Only big city thinking will create big brand Sydney
A mate of mine from London messaged me this week to gleefully pass on the news that Melbourne had just been voted a more popular spot than Sydney in some poll or another.
I dismissed his ‘time to move on old chap’ jibes with my usual lecture on the inaccuracy of polls, posted a single finger salute in the chat box and moved on.
Then I happened to see that, according to the BBC, Melbourne has overtaken Sydney as Australia’s most populous city for the first time since the 19th Century gold rush.
These two things got me thinking and forced me to confront an uncomfortable feeling I’ve had since I moved to the Harbour City some 12 years ago.
But first things first – I love living in Sydney.
I still get goosebumps on the Cahill Expressway as I speed (not literally of course because you know, speed cameras!!) and glance between the iconic bridge, the iconic Opera House, the iconic waters leading out past the iconic Eastern Suburbs to the iconic Manly and the iconic heads and think ‘Bloody hell, I live in Sydney – how iconic.’
I love the positivity of the place and the openness of the people, the inspiring nature of the environment and the way even a rough day round here – ain’t ever really that bad. I think Sydney should comfortably be seen as the greatest city in the southern hemisphere.
So after hearing the above I quickly started thinking about what the city could do to turn all this around. Where the come back would start and how we’d take the fight to those oat-milk-Latte-with-caramel-drizzle drinking Melbs. I mean, you can have your Formula 1 and your Grand Slams and your culture and your transport – we’ve got WestConnex, Harry’s Café de Wheels and a new football stadium. So there.
I was recently at an event hosted by the City where they told the gathered business folks about their vision for tomorrow’s Sydney. They also invited feedback.
Now, I’m not going to get into the specifics of their big plan here – cleverer people than me are all over LinkedIn with their (more informed) insights on that. But what they said, how they said it and how they responded to mildly challenging feedback fed into my pre-existing doubts about the way this city sees itself.
I don’t know how I can say this without it sounding rude. But Sydney has a small town thinking problem.
Small town thinking says that a 3-line light rail system is a mass transit solution for the future of a growing global city. It says that a night time economy is something government need to have their hand in. It thinks that growth is thousands of identikit apartments in soulless precincts where culture is what grows on the ceilings of the ill-ventilated unit bathrooms.
And none of this is helping me understand what ‘Brand Sydney’ is. Which is odd – because I’ve lived here long enough to have a really solid grasp by now and I work in branding for God’s sake!! Purpose, position, point of view, personality? Nah sorry mate, not sure.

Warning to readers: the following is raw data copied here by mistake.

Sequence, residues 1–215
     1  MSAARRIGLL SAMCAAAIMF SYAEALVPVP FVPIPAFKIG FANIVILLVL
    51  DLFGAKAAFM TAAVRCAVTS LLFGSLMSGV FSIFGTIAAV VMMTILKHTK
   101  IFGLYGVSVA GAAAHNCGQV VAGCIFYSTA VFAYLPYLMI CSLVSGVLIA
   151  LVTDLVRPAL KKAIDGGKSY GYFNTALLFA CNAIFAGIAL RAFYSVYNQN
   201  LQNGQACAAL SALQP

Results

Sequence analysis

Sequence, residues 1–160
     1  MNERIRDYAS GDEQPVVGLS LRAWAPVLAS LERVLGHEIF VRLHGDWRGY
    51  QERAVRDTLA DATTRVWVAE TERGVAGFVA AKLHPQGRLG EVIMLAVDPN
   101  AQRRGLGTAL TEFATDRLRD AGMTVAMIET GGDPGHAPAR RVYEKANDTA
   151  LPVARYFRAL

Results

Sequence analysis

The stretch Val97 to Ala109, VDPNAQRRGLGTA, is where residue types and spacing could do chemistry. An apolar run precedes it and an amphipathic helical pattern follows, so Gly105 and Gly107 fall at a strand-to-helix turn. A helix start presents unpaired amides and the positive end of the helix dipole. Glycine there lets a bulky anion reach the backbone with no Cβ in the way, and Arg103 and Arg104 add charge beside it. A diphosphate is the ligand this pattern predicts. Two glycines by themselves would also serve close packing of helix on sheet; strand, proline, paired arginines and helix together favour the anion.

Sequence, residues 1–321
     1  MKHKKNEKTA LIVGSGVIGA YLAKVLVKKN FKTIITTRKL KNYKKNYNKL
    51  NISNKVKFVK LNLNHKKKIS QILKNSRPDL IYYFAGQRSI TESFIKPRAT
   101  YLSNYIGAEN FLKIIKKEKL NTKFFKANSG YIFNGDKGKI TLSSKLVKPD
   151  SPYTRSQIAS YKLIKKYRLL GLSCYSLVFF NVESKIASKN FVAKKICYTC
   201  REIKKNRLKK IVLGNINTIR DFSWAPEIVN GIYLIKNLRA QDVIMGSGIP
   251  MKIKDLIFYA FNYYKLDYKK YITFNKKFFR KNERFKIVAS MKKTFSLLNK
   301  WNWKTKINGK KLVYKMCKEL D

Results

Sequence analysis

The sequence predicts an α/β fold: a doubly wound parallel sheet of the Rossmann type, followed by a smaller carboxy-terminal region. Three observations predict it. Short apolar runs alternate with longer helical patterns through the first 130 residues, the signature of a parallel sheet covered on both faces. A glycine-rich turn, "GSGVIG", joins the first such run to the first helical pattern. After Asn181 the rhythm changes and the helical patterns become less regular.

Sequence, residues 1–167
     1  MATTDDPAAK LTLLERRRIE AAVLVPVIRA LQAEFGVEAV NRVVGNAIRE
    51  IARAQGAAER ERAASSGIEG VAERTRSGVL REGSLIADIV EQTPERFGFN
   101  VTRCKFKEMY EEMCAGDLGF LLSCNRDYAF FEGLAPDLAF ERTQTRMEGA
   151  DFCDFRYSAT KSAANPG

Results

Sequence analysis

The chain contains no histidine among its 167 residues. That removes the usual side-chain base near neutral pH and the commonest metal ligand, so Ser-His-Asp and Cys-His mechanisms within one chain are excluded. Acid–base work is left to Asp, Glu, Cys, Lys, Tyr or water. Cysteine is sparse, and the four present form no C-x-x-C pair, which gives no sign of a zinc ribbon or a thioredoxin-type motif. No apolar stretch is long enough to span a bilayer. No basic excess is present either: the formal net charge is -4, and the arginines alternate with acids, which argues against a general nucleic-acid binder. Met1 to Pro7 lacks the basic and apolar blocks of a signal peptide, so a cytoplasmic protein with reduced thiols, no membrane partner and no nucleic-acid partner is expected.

When a city council describes the metropolis it oversees as a series of neighbouring ‘villages’ it screams small town thinking. Villages?! Does Surry Hills feel like a village to you? The tagline ‘City of Villages’ is small town thinking writ large. It says ‘we’re too scared to be a big city’.
But here’s the thing – cities are big. And busy, over-populated, smelly, noisy, a bit scary and expensive. They are also amazing, stimulating, creative, beautiful organic adventure playgrounds for the soul.
When the head of the city’s association for taxi drivers asks for better consultation about where cycle lanes are put so drivers can drop people in safer places, small town thinking said that’s a ‘passenger education issue’.
When the representative of a global electric scooter hire business wonders why Sydney is one of the few cities in the world where they are unable to operate, small town thinking says ‘because people can get hurt on them.’
A comprehensive taxi system pumps commercial life blood around any big city and keeps it moving beyond public transportation. Businesses need them and big cities value them. Innovation that brings scooters and e-bikes to supplement other transportation is welcomed by most global cities who see the value. Why not Sydney? As the scooter guy said to me as we left the reception; ‘Why do you lot think you’re so different to everywhere else?’
He’s got a point – why do we? And what’s our problem with growing? Sydney has proudly held the title of largest population for more than 100 years. And now someone else does. Personally I think some of the city leaders will be relieved not to have to try to live up to the title any more.
But cities have to grow. And shouldn’t leaders of great cities be coming up with ingenious, outlandish ideas that push innovation further and tackle old problems in revolutionary new ways to create more growth.
You know, the kind of concepts that leave us all shrugging our shoulders and saying things like – ‘whatever will they think of next?’
Instead there’s mutterings from the populace of ‘what are you waiting for?’ and ‘what are you so scared of?’
I want my city leaders to make me feel like I’m part of something with some serious forward propulsion. Like we’re in a contest. Where evolution is mandatory. And growth is the performance-enhancing drug of choice.
And I don’t mean growth through a thousand apologetic suburbs out west and north – any ‘average’ city can manage that without breaking sweat. I mean a dazzling-bright, technologically-advanced, swirling, creative metropolitan area that intoxicates its inhabitants and visitors, truly leverages the power of its indigenous community, doubles-down on the existing work in equality and makes Tokyo and New York look like amateurs.
And all the while still maintaining the gorgeous beaches, breathtaking scenery and ‘lifestyle to die for’ that no other global city can claim.
Do that. That would be my ‘Brand Sydney’ of the future.